The prevalence of infection with human immunodeficiency virus over a 10-year period in rural Zaire

N Nzilambi, KM De Cock, DN Forthal, H Francis, RW Ryder, I Malebe, J Getchell, M Laga, P Piot, JB McCormick

Research output: Contribution to journalA1: Web of Science-article

Abstract

In 1985 we tested 659 human serum samples, collected in the remote Equateur province of Zaire in 1976, for antibody to human immunodeficiency virus (HIV). Five (0.8 percent) were positive, and HIV was isolated from one of these. Follow-up investigations in 1985 revealed that three of the five seropositive persons had died of illnesses suggestive of acquired immunodeficiency syndrome (AIDS), and two remained healthy but seropositive. In 1986, a serosurvey we conducted using a cluster-sampling technique in the same region showed a seroprevalence of 0.8 percent in 389 randomly selected residents. The seroprevalence in 283 prostitutes was 11 percent. Patients with AIDS were identified in various hospitals in the province. Risk factors for AIDS included a greater than average number of sexual partners and residence outside the area. We believe that the long-term stability of HIV infection in residents of rural Zaire suggests that social change may have promoted the spread of AIDS in Africa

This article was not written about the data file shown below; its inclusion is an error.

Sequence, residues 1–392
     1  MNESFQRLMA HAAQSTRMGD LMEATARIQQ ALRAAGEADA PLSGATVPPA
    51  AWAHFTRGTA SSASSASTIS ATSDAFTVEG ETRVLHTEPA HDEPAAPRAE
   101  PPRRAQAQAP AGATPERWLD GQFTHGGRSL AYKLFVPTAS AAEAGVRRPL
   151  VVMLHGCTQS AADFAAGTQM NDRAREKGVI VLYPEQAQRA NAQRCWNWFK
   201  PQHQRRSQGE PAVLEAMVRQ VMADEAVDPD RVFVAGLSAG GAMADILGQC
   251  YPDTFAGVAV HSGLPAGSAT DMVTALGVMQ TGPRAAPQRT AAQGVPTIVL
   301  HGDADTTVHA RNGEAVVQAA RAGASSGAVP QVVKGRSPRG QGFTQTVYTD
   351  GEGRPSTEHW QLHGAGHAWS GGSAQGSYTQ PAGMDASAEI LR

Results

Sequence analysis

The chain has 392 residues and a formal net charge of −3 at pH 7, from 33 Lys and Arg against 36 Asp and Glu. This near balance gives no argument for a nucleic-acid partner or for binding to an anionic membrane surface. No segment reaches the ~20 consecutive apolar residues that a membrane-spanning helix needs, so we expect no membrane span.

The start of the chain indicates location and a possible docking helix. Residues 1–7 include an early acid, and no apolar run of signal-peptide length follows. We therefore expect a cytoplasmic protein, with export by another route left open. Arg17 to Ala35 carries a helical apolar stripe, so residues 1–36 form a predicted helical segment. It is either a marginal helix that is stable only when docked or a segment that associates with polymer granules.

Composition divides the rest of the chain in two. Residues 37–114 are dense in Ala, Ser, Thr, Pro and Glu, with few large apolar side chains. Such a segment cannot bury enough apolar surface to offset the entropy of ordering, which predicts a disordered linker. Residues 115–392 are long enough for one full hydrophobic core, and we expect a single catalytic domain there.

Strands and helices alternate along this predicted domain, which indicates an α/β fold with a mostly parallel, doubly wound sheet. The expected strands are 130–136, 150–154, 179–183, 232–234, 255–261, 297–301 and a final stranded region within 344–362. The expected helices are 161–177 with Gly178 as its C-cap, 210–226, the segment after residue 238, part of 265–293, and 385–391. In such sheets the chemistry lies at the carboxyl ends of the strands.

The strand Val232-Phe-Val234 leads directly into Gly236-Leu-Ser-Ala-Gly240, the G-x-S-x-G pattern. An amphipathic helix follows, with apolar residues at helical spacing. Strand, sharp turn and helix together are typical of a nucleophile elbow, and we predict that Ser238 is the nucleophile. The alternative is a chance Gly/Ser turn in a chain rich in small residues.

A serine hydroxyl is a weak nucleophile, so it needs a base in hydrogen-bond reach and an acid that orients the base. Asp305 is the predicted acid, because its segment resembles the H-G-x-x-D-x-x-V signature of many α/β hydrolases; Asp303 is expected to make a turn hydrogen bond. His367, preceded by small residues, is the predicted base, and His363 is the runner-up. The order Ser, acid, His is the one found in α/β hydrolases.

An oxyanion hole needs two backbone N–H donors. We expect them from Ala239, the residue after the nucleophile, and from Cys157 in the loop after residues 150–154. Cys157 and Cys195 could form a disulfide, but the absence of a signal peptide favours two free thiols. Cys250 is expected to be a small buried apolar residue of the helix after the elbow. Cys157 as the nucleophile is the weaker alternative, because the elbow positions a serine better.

Original languageEnglish
JournalNew England Journal of Medicine
Volume318
Pages (from-to)276-279
ISSN0028-4793
Publication statusPublished - 1988

Keywords

  • B780-tropical-medicine
  • Viral diseases
  • AIDS
  • Epidemiology
  • Prevalence
  • HIV
  • Seropositivity
  • Pregnancy
  • Complications
  • Prostitutes
  • Risk
  • Rural
  • Congo-Kinshasa
  • Africa-Central

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